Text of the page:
Who owns the geographical indication Pisco, Peru or Chile?
With the development of international trade, local products have started to spread all around the world and become popular worldwide. Geographical indications (GIs) are meant to protect the use of the name that indicates certain characteristics and the origin of products typical for a particular region.
The trading volume of GI-protected products has become the main source of income for many countries, as indicated by Former Head of the Lisbon Registry at the WIPO, Mr. Matthijs Geuze on December 14, 2018 at Maastricht University. For example, the producers of Grana Padano (Italian Cheese protected as a protected designation of origin in the EU) made almost 3 Billion Euros profit from the sale of such cheese in 2017. This equals the annual turnover of the Italian car giant Ferrari. Considering the existence of many other examples like this, it is not very surprising that the huge profit potential of local food trade has caused an increase in the number of controversial cases where countries twist about the ownership of local products.
Conflicts between countries on ownership of local products
Hungary and Slovakia have been fighting over the origin of Tokaji Wines. Likewise, Greece faced objections by Germany and Denmark during the registration of Feta cheese as a GI in the EU, claiming that FETA is a generic name. However, the case between Chile and Peru on Pisco brandies may be the most notable one, since it opened a road to an international GI registration system.
In the cited case, Chile’s Pisco drinks were protected in the EU thanks to the bilateral agreement between Chile and the EU from 2002. When Peru, however, became a member to the Lisbon Agreement for the Protection of Appellations of Origin and they obtained an international registration for Pisco in 2005, the protection of the Pisco GI became also an obligation for EU member states under this agreement.
The Commission Regulation (EU) no.1065/2013 solved this conflict basically by stating that Peruvian Pisco shall be protected as a geographical indication (PGI is registered as “Pisco”). Yet, this does not hinder Chile’s use of Pisco for the products originating from Chile, since Chilean Pisco is protected as a protected designation of origin (PDO is registered as “Pisco”) within the EU due to the bilateral agreement between the EU and Chile. Despite being classified differently, both Piscos are protected equally under the EU Regulation on the Definition, Description, Presentation, Labelling and the Protection of Geographical Indications of spirit drinks. In practice, both countries can use the term Pisco and claim protection for the same.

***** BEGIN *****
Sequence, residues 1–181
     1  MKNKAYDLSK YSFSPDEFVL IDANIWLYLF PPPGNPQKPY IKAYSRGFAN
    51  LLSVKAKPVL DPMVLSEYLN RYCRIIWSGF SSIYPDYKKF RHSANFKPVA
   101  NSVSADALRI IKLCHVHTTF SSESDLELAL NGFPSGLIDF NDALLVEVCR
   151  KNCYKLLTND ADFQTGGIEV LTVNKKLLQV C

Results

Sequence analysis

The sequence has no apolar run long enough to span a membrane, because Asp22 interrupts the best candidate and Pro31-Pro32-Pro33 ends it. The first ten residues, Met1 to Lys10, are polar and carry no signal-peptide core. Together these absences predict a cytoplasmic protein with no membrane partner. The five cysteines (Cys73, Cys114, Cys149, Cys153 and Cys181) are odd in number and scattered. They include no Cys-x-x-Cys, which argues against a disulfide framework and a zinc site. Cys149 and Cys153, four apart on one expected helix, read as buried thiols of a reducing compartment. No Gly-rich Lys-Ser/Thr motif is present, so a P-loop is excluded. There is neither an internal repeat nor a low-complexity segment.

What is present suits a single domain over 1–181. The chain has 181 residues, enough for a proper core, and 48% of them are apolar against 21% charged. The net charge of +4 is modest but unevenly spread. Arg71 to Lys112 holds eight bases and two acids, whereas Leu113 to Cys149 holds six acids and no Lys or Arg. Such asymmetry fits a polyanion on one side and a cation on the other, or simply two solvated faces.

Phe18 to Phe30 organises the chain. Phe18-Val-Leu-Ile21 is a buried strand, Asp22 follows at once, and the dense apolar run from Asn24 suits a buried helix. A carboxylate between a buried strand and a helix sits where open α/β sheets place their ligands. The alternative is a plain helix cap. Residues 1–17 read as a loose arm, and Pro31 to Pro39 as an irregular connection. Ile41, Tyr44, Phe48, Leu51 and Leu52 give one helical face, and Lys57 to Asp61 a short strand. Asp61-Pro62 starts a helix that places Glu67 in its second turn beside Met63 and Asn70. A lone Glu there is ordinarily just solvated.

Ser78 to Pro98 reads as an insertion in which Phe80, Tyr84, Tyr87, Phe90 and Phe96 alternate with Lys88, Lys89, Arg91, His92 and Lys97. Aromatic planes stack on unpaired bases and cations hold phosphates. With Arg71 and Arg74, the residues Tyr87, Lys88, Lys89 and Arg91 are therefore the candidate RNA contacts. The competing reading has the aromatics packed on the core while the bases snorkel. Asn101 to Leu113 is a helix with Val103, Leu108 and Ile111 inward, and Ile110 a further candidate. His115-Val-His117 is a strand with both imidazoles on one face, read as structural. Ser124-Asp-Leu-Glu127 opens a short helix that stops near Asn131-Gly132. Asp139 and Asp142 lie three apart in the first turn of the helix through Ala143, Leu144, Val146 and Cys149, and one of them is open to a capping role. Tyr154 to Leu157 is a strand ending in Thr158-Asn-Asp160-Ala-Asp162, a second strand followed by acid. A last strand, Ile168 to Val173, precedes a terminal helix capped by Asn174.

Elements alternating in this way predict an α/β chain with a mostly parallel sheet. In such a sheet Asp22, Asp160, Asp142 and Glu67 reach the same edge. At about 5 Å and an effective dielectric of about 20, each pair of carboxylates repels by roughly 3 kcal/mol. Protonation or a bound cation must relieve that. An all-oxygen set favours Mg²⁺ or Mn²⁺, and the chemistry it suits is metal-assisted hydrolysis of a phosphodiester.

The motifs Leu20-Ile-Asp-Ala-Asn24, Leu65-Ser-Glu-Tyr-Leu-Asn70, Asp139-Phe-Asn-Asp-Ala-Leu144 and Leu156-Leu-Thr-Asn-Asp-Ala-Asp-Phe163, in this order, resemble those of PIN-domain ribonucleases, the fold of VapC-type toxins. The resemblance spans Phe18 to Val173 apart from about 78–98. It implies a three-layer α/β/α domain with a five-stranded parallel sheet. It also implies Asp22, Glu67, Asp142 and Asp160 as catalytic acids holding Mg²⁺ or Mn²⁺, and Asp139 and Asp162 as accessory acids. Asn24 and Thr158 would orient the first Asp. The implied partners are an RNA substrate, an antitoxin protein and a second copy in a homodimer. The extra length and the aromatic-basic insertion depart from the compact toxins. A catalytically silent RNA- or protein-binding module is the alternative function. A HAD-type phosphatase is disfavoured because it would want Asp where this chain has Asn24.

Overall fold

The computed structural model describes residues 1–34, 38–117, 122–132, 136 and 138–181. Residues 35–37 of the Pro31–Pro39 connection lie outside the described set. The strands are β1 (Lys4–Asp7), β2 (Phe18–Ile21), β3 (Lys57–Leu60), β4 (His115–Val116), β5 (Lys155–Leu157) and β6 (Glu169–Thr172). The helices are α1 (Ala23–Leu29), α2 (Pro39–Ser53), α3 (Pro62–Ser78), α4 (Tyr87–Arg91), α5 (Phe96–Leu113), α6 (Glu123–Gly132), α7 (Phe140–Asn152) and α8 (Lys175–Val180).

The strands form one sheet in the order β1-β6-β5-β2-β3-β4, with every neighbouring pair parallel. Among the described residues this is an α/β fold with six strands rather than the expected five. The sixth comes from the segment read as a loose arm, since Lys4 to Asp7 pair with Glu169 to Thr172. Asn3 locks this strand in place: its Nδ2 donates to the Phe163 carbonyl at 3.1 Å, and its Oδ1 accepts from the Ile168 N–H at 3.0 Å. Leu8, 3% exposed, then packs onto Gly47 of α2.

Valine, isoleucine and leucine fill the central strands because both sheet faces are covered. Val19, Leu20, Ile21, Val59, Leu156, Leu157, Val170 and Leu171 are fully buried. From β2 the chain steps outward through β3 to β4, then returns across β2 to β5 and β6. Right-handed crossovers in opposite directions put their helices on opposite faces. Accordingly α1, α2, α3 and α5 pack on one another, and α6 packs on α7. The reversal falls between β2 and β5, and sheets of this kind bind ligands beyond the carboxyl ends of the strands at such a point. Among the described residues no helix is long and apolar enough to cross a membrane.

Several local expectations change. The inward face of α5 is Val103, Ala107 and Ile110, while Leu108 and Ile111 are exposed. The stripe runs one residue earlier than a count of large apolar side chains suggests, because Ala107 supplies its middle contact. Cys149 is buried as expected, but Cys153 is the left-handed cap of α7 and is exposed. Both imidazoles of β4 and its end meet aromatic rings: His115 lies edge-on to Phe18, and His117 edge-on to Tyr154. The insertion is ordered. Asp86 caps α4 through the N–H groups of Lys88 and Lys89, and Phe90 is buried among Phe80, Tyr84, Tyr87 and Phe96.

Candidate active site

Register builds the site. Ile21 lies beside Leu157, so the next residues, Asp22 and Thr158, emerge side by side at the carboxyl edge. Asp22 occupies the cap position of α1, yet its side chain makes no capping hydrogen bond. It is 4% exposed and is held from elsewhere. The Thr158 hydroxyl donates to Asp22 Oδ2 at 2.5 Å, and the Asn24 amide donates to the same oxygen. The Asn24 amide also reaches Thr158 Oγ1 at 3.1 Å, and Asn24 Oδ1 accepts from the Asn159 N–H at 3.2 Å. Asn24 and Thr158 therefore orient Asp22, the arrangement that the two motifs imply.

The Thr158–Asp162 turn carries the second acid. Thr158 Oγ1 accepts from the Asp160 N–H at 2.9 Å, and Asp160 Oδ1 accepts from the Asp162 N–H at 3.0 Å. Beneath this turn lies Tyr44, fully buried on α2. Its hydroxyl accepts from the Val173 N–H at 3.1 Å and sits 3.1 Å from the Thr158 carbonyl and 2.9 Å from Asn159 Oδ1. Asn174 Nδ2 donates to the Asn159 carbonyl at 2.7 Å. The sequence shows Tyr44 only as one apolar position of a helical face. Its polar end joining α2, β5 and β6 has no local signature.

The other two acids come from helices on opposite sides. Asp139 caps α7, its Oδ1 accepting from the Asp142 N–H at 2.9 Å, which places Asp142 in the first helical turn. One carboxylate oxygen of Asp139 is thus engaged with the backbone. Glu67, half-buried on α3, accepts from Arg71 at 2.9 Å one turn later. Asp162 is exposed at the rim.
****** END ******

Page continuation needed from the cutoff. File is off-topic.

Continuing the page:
Although the EU found a solution for the conflict between Chile and Peru, the fact that there are still similar kinds of conflict between other countries demonstrated the need for an international GI registration system and impelled Lisbon Agreement Members to create such system.
The Geneva Act of the Lisbon Agreement
The 28 contracting parties of the Lisbon Agreement gathered to discuss what can be done to create and adapt the GI protection system on an international basis. Besides the contracting parties, also non-member countries such as Argentina, Canada and the US attended the negotiations as observer delegations without voting rights.
Not surprisingly, there were many controversial issues regarding the international protection of GIs, since some non-member countries have different approaches to GI protection. Some of them raised objections to the draft act on the grounds that it does not allow countries that protect GIs as trade marks to join the international registration system.
After a long negotiation period, the contracting parties agreed to the Geneva Act in 2015, which establishes an international GI registration system. Notably, the Geneva Act of the Lisbon Agreement also establishes the possibility of registering transnational GIs in its Article 5(4), by allowing member states to file a joint application for registration of a GI, provided that such product comes from a trans-border geographical area where the applicant parties are adjacent to each other.
Only for contracting states
Unfortunately, the Geneva Act only offers this option to its contracting parties; Article 5(4) allows member states to file a joint application for a GI spread on trans-border areas. This being the case, it is still not certain what happens if one of the adjacent countries is not a party to the Geneva Act and therefore cannot file a joint application pursuant to the cited article. Considering that there are a notable number of countries which find the Geneva Act inconsistent with their GI protection system and therefore are not willing to sign on, it is very likely that the Geneva Act will not bring a solution to every conflict similar to the one between Chile and Peru in the past.
|Written by Ayşe Kübra Özreisoğlu - More blogs on Law Blogs Maastricht|